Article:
This Earth Day, students from Antioch High School and Independence High School joined the restoration ecologists from River Partners and other volunteers to help remove invasive species and conduct a litter cleanup. The Dutch Slough is a freshwater tidal marshland, a particular type of wetland found along rivers near the ocean, once wove through hundreds of thousands of acres across the Sacramento-San Joaquin Delta, which is the largest delta on the west coast of the Americas. The marshes are filled with diverse wildlife and filter runoff and pollutants from water, prevent erosion, build soil to buffer sea-level rise, sequester carbon, protect nearby towns from flood damage, and provide nursery habitat for juvenile salmon. It is also an incredibly beautiful vista with so many opportunities for recreational activities. In fact, this little estuary houses only about 2% of its original marsh habitat stores carbon at such a high rate that it is in the top 1% of thousands of locations studied worldwide, from pine forests to arctic tundra, according to UC Berkeley scientists who have worked at the site since last year.
The Earth Team interns got the chance to hear about the restoration project and interact with all sorts of wildlife, like seeing sea lions play in the water as we weeded the coastlines on a super sunny day (Thank you Mother Nature). Check out these interns’ smiling faces, even some of the students’ parents joined for the day!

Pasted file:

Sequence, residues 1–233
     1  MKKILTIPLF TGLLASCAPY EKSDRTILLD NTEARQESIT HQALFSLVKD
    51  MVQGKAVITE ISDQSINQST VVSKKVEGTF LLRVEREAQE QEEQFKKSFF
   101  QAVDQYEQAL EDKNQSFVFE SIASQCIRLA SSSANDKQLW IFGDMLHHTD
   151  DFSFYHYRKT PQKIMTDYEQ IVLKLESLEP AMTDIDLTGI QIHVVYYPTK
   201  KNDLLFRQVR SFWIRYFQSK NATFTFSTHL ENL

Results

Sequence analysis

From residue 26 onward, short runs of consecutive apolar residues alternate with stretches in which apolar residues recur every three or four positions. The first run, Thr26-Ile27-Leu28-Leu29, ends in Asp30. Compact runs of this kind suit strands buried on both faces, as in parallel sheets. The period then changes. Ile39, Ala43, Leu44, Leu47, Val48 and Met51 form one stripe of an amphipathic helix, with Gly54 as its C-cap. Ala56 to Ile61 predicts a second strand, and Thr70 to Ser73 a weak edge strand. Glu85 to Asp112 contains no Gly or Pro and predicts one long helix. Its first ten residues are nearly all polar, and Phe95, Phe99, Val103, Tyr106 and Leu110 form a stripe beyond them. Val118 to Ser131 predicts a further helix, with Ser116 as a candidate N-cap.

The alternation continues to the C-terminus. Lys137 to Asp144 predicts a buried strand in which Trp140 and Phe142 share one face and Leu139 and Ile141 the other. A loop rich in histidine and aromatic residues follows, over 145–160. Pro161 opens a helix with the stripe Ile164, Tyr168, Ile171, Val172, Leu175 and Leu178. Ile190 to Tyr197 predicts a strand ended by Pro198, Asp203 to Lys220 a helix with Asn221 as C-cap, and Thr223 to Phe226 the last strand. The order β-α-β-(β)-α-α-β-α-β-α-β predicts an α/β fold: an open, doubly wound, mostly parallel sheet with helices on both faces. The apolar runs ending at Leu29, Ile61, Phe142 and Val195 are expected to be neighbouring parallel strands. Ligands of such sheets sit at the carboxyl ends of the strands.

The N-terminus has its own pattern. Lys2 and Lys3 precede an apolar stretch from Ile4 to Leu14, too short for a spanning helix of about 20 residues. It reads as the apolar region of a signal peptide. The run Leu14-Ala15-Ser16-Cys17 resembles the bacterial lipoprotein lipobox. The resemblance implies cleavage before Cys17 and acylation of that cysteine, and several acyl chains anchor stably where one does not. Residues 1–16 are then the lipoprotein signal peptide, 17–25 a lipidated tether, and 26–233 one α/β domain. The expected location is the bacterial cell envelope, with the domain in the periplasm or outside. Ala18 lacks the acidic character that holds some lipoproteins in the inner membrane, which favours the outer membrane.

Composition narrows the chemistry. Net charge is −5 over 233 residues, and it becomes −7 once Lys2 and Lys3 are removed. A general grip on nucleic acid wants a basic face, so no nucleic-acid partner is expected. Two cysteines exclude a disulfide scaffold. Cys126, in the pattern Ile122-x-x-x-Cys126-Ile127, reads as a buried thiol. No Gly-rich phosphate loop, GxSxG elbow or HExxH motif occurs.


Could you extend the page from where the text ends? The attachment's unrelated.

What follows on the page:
While students explored the Dutch Slough, seals came to see what everyone was up to. The students got to witness what restoration does to an entire ecosystem, bringing back habitat for all the wildlife in the area. Students even saw birds dive into the water and grab fish for food throughout the day!
Learning about conservation efforts in the Oakley area, students also were able to learn how the Dutch Slough provides for the entire surrounding communities and is even helping with efforts to restore local sand dunes in Antioch to help further prevent coastal erosion and stabilize shorelines. Thanks to River Partners and other volunteers, Earth Team had a blast doing a small project with a huge impact.